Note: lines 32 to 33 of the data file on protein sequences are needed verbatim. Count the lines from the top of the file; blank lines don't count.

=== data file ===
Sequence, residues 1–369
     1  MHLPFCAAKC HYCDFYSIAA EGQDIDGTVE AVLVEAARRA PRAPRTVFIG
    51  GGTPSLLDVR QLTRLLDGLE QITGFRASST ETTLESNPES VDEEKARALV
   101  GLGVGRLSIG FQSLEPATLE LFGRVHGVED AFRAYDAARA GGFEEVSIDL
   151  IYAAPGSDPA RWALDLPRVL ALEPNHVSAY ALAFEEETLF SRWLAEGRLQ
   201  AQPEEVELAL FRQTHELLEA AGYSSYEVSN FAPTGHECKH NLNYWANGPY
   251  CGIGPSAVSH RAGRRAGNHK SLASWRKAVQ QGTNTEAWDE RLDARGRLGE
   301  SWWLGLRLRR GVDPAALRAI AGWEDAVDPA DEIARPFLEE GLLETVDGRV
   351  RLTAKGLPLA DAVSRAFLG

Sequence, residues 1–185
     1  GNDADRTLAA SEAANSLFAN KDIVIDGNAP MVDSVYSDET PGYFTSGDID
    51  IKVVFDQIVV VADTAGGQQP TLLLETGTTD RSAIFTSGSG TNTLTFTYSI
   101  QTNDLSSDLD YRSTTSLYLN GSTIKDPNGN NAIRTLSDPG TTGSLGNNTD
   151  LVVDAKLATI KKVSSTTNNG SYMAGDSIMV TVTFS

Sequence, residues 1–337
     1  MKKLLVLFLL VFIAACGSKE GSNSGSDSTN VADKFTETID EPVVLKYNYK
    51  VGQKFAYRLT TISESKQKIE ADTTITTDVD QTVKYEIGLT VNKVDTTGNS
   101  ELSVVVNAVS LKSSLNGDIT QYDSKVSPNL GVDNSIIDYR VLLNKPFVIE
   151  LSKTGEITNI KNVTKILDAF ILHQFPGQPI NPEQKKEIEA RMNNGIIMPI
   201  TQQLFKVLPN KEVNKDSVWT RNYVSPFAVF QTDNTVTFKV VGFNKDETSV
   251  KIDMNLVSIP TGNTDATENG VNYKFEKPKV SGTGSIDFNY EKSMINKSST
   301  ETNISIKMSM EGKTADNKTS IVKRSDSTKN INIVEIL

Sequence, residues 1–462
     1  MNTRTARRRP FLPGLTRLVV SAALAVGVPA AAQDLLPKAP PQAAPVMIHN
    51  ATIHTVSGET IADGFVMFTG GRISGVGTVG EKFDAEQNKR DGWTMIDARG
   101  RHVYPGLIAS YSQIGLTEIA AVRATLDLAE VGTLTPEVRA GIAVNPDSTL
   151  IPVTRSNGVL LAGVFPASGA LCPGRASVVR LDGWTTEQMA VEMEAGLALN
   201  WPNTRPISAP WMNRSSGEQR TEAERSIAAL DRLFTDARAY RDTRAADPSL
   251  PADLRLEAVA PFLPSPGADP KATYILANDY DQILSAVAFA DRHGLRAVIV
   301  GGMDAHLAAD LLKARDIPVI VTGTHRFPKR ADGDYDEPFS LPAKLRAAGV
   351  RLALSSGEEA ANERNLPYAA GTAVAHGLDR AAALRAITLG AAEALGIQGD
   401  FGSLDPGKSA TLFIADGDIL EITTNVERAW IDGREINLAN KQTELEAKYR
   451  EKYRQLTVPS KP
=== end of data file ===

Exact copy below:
   401  FGSLDPGKSA TLFIADGDIL EITTNVERAW IDGREINLAN KQTELEAKYR
   451  EKYRQLTVPS KP